Organisms are constantly faced with environmental extremes, involving temperature, starvation, radiation and harmful chemicals. Inducible genes have evolved to respond to these challenges. Organisms are also faced with day-to-day housekeeping tasks, such as synthesizing biomolecules. Recent studies in the budding yeast Saccharomyces cerevisiae suggest that eukaryotes balance housekeeping and stress-response needs through two distinct transcriptional regulatory pathways, represented by two related components of the transcription machinery, TFIID and SAGA, respectively. Knowing whether a gene is primarily regulated by TFIID or SAGA provides enormous predictive insight into its regulation by other transcriptional regulators, and its broader cellular role. Many aspects of this dual pathway remain to be elucidated. The TFIID/SAGA classification has not been conducted under a wide range of conditions that put the genome through its full range of expression, which is necessary for appropriate classification of all genes. While SAGA as been implicated in stress-induced gene expression, it is not known whether its action protects cells from stress. Genes repressed by stress utilize TFIID rather than SAGA, but little is known about what promoter elements control this process. The TATA box has also been implicated in the stress-response. Many TATA-less genes have a conserved TATA box far upstream of its normal location. It's potential involvement in gene regulation remains unknown. To address these problems which are germane to an organism's stress-response and the potential to develop therapeutic agents that heighten the stress response, the following specific aims are proposed: 1) Classify the TFIID/SAGA-dependence of all yeast genes under a wide range of environmental stresses. 2) Determine whether SAGA and/or TFIID provide stress protection. 3) Identify the promoter determinants of stressdirected gene repression. 4) Assess the function of far-upstream TATA boxes. ? ?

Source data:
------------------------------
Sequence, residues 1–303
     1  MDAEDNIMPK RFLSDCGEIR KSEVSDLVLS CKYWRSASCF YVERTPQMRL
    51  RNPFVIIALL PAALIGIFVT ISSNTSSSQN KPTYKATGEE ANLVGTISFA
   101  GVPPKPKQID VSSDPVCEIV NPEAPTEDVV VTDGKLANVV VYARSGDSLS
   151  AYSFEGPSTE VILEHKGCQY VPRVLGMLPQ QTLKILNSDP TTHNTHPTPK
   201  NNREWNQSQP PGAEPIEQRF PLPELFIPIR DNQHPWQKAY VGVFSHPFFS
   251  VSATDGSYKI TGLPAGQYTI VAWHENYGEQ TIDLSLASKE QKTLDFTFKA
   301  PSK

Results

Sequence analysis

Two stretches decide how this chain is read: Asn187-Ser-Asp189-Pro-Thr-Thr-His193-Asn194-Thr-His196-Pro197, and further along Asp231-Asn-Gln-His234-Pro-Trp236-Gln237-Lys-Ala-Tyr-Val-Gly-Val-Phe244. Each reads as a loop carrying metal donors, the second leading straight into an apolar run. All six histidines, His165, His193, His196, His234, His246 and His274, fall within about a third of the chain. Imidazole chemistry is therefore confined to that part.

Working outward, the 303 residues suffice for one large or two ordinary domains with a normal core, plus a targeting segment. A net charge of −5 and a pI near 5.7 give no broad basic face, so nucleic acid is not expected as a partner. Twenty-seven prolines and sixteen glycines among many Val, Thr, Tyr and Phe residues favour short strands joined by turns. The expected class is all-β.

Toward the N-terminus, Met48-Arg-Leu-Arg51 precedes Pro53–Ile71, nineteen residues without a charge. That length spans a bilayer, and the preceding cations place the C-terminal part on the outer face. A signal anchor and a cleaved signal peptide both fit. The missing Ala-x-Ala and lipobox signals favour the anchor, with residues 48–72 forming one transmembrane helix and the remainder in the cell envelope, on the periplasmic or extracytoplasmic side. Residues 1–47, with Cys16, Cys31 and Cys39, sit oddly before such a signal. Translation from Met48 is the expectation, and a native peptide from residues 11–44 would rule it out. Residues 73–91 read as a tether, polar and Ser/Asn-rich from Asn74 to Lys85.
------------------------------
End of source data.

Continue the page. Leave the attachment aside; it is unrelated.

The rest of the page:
National Institute of Health (NIH)
National Institute of Environmental Health Sciences (NIEHS)
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Molecular Genetics B Study Section (MGB)
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Balshaw, David M
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Pennsylvania State University
Schools of Arts and Sciences
University Park
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